State Lawmakers Advance Legislation to Address Tennessee’s Unconstitutional Billboard Regulations

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NASHVILLE, Tennessee – The state Senate and House Transportation committees each advanced legislation Wednesday to address Tennessee’s unconstitutional Billboard Regulation and Control Act of 1972.

The Act was ruled unconstitutional by the United States Court of Appeals for the Sixth Circuit on September 11, 2019, as The Tennessee Star reported.

The court based its opinion on the Act’s content-based restriction of non-commercial free speech relative to billboards that are located off-premises of a business. The permit process and regulations of the Act are the responsibility of the Tennessee Department of Transportation (TDOT).

The case goes back to 2006, when William Harold Thomas, Jr., owner of over 30 billboards in Tennessee, applied to TDOT for a permit on a vacant lot for commercial advertisement. TDOT denied the permit application due to spacing issues, but Thomas constructed the billboard and put up his sign anyway.

TDOT sued Thomas in state court, claiming that Thomas violated the Billboard Act.

The case went back and forth for several years, finally landing in the Sixth Circuit Court of Appeals, which found in favor of Thomas.

Included in the Sixth Circuit Court’s opinion was the trial court finding that there was “substantial evidence of selective and vindictive enforcement” against Thomas by TDOT.

Apparently, TDOT employees worked with Thomas’ competitor to “defeat” him and sent unsolicited emails to Thomas’ advertising customers, suggesting that his billboards were illegal and that associating with Thomas would reflect “negatively” on them.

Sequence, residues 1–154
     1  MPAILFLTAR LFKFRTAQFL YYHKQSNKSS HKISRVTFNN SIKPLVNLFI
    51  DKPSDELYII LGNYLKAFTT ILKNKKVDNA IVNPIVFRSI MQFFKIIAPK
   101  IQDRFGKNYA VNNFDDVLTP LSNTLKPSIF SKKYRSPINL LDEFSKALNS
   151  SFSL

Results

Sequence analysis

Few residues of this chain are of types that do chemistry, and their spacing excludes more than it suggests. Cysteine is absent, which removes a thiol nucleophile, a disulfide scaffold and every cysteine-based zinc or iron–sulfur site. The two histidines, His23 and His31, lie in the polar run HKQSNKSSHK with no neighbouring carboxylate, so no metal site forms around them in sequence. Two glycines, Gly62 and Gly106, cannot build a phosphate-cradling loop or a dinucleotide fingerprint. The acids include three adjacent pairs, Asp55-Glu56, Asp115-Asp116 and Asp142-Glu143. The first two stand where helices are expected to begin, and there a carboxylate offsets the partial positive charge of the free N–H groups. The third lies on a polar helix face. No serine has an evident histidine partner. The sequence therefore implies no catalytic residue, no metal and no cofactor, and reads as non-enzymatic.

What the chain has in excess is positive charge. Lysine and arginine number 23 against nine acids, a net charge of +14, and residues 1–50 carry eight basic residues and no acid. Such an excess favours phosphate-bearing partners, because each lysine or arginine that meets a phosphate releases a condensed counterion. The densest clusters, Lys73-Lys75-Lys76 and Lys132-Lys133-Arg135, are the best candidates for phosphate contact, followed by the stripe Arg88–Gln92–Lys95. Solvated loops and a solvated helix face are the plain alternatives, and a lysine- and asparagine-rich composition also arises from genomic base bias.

Since the September 2019 ruling, TDOT has suspended the billboard permitting process and enforcement of regulations within Tennessee’s Billboard Regulation and Control Act of 1972, which mirrors that of Congress’ 1965 Federal Highway Beautification Act (HBA).  In that time, it is estimated at least 50 billboards have been put up without TDOT approval.

By mirroring and complying with the HBA in maintaining effective control of signs within 660 feet of an interstate or primary highway, Tennessee is assured of full federal highway funding, of which 10 percent is tied to the Billboard Act.

By not having HBA compliant regulations and enforcing them, $93 million in Federal highway funding is at risk.

In January, both the Senate and House transportation committees heard testimony from a panel of stakeholders including the Tennessee Office of the Attorney General and Reporter, TDOT, the Outdoor Advertising Association of America and Scenic Tennessee, The Star reported.

Wednesday, the Senate and House took up the proposed legislation in their separate transportation committees under SB 2188 and HB 2255, respectively, presented by committee  chairs Senator Becky Massey (R-Knoxville) and Representative Dan Howell (R-Georgetown).

The original bill language was developed by TDOT, but two amendments were offered by the committee chairs that were supported by the outdoor advertising industry.